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n00bie
05-04-2006, 11:05 PM
Hi,

I want to get into photography more and I have an old SLR but have never really learnt how to use it properly because I don't get "instant" results. This makes it hard to practice with.

I have decided I should get a digital but I can't decide whether to get an SLR or get a camera that displays the shot before I take it (like a Panasonic FZ-30).

I can afford a lowish end DSLR like the Nikon D50. But should I buy one just because it's an SLR? The FZ-30 is just as manual isn't it?

What's the difference?

Please help. Thanks in advance

timmciglobal
05-04-2006, 11:24 PM
D50 has replacable lenses and ability go use high ISO (high film speed) which is good indoors and in low light. D50 also shoots raw which lets you do things like white balance later. D50 will also focus faster and shoot faster.

I honestly don't give much value to the "preview LCD" since you can press "play" or "Review" instantly after shooting and see what you shot, and with RAW you can fix alot of exposure errors as long as your somewhat close in post processing.

Tim

Norm in Fujino
05-04-2006, 11:30 PM
Hi,

I want to get into photography more and I have an old SLR but have never really learnt how to use it properly because I don't get "instant" results. This makes it hard to practice with.

In this case, I think you'll get the best results with any camera if you sign up for a introductory photography course at your local community college or other similar institution. Get to know what photography is all about, how to set the camera for different situations, etc. It doesn't matter if the course is in film or digital, because the core basics are the same. It's the instruction that's important.

AlexMonro
05-05-2006, 02:56 AM
Tim, the FZ30, Fuji S9000 and a few other all-in-one ultrazooms can in fact produce RAW files, though as you say any propper DSLR will have a larger sensor giving much better noise performance, and will have better performance all round - except that the larger sensor will make a zoom lens of equivalent range hugely expensive.

n00bie, whatever you do, get on a course as Norm suggests. It'll give you the basic understanding that'll enable you to know what it is that you want from a camera. I'm lucky that my dad taught me the basics when I was a teenager, and give me an all-manual 35mm film SLR (Zenit B). Not only did I learn about exposure & composition, but also developing & printing (black & white).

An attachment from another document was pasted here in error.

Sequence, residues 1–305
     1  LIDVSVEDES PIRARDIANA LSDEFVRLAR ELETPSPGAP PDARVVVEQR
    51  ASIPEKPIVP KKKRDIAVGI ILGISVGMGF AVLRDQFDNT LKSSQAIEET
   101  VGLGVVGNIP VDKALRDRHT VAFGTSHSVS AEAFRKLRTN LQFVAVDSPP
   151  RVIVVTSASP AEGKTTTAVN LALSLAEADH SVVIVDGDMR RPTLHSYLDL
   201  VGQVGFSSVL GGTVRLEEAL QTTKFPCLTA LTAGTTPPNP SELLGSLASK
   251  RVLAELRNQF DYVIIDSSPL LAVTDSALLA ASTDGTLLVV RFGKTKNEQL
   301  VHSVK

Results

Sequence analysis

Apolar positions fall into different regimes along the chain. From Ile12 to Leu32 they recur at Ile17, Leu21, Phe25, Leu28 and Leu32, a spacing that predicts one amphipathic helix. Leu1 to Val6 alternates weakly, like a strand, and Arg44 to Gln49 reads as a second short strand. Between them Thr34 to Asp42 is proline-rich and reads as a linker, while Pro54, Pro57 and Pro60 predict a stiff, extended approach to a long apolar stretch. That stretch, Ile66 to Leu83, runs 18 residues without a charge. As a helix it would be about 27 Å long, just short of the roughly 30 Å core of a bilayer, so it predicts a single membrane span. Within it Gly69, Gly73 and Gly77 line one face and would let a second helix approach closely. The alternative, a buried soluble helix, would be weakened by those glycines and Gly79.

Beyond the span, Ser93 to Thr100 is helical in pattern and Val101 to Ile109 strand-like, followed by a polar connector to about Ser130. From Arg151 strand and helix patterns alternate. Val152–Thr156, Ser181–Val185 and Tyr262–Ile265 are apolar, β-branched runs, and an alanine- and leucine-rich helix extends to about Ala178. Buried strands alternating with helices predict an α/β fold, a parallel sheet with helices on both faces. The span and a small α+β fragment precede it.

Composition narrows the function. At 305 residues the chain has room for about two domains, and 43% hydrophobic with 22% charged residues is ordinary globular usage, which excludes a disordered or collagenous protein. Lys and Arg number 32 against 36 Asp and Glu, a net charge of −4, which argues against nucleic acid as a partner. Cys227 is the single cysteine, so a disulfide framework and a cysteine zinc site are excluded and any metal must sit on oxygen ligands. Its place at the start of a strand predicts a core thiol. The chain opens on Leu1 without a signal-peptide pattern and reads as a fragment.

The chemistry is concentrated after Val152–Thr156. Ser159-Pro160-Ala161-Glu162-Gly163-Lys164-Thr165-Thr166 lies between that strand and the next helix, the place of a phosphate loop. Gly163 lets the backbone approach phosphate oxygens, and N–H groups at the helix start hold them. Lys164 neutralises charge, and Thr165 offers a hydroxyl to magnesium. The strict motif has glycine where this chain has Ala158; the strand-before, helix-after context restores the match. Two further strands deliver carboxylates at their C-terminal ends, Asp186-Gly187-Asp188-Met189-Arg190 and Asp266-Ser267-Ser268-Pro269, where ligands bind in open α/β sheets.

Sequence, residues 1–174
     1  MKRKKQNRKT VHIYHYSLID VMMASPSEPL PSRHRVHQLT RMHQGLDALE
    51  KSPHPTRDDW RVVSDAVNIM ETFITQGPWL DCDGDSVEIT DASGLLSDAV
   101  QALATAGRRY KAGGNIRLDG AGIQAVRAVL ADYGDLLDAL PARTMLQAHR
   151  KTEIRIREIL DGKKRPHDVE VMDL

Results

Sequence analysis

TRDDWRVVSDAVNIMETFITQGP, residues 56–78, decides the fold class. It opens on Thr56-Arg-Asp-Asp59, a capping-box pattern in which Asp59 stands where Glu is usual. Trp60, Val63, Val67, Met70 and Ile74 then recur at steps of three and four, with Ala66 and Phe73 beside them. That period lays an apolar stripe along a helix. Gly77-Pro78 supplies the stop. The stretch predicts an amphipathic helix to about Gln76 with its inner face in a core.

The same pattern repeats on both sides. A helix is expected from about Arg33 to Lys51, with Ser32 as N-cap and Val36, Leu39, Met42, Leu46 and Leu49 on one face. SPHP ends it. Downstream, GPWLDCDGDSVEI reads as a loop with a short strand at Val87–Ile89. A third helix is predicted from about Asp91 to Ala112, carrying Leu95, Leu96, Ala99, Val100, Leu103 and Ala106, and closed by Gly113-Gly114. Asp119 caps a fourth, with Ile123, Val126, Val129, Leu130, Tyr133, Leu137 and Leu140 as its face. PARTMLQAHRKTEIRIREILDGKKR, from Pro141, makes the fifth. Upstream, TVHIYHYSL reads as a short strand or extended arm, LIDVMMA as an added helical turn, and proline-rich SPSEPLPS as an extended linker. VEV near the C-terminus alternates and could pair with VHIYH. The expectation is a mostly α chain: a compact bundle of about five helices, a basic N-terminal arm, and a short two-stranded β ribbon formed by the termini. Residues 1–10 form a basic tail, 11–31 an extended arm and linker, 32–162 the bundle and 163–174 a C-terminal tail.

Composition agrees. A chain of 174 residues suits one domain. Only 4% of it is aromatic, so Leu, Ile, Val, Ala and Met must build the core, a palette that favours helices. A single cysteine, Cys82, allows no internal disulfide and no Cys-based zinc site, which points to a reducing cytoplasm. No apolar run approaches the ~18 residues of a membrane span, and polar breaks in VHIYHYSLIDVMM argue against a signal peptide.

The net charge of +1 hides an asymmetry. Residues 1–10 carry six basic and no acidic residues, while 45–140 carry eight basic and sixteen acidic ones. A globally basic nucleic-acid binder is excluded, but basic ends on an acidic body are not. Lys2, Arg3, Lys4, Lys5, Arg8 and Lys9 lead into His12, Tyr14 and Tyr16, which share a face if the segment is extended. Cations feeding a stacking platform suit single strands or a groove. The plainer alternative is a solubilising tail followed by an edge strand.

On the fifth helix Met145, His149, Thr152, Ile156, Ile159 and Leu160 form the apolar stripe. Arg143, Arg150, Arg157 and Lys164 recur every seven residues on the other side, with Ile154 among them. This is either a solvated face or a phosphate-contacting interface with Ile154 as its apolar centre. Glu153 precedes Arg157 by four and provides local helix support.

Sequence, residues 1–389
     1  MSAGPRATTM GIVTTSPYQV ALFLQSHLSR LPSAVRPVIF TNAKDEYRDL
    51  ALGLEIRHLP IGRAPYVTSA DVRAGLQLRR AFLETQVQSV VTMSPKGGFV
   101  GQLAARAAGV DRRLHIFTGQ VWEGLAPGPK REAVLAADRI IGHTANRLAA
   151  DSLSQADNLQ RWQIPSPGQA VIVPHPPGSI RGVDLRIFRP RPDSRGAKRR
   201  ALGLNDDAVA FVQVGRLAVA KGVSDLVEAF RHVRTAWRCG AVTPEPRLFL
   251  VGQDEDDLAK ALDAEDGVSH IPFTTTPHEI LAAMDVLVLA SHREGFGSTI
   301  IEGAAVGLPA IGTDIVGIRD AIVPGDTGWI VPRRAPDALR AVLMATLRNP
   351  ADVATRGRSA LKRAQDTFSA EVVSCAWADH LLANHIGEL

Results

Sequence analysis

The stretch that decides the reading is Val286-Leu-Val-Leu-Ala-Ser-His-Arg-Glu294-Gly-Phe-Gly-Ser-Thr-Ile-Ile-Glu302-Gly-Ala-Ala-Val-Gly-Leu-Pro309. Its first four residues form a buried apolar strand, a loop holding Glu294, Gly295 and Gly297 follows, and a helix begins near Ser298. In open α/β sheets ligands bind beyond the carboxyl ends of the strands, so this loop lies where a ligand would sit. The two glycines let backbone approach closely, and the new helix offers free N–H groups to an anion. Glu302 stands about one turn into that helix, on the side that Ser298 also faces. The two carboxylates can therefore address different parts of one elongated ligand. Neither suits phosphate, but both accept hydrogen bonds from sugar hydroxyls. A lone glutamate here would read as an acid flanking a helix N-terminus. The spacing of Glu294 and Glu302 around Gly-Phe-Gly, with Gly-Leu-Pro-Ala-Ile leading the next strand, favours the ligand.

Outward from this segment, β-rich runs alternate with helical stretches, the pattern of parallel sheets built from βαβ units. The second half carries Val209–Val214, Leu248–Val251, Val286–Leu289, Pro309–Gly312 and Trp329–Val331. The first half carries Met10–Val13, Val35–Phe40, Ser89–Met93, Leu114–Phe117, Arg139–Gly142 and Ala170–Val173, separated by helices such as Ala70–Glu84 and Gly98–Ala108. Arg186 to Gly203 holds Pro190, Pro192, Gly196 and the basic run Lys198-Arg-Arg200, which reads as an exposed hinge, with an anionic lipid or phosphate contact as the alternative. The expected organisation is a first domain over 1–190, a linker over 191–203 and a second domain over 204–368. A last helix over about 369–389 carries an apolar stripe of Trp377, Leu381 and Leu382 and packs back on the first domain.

Now in the digital age, I think there is something to be said for near-instant playback for learning, but remember two things:

1) An image on a 2 inch LCD when you're squinting to see it against the sun is not going to look the same as a 10x8 print in your hand in a quiet room.

2) Just because you can take loads of shots knowing that it doesn't cost you anything until you print "only the good ones" doesn't make it a good overall strategy. Every time you press the shutter release, it should be the best possible picture you can take at that time.

However, I have a different suggestion for where you go from here. Get a relatively cheap and simple compact digital, with maybe a 3 - 4x zoom, but with full manual controls! Learn how to use those controls, and forget about the auto (though manual focus is often very poor in the compacts). The FZ30 has full manual options, but it's a bit more than you need for learning the basics. When you start finding that you want to do things which you can't do with the compact, maybe start using the film camera again, or think about getting a DSLR or ultrazoom all-in-one. At least you'll have a clearer idea of what you want then.

As regards DSLR / ultrazoom, there are a few points in favour of the ultrazoom. You can get a zoom range at reasonable quality for a lot less money than it would cost with a DSLR, although the DSLR is capable of better quality overall. For some types of photography, that's useful. For other things, it doesn't matter much - you don't need much zoom range for portraits, for instance.

If you want image stabilisation, that's common on ultrazooms & compacts, but only Konica Minolta have it on the camera body of DSLRs, and they've sadly gone out of business, although Sony may be taking over the designs. Other DSLR makes rely on IS built into the lens rather than the camera body, which makes the lenses much more expensive - especially as you might need 3 or 4 to cover the same range as an ultrazoom.

However, a compact ultrazoom is always going to be a compromise compared with a DSLR, and despite a few that come close - the FZ30, Fuji S9000, Sony DSC-R1 - none quite match up to even bottom of the range DSLRs. However, that difference costs money.

n00bie
05-05-2006, 05:33 AM
Hi again,

Thanks a lot for your info it is well received and appreciated.

I certainly will keep my old SLR as I will begin using it once I am more familiar with the various settings that can be achieved using a manual digital. So, I think for now I'll go with the FZ30.

And, if I get to the point where the FZ's functionality/quality is not enough, I'll then cough up big bucks and get a mid to high range DSLR.

As for the course, I will look around and see what I can get enrolled in.

Thanks again.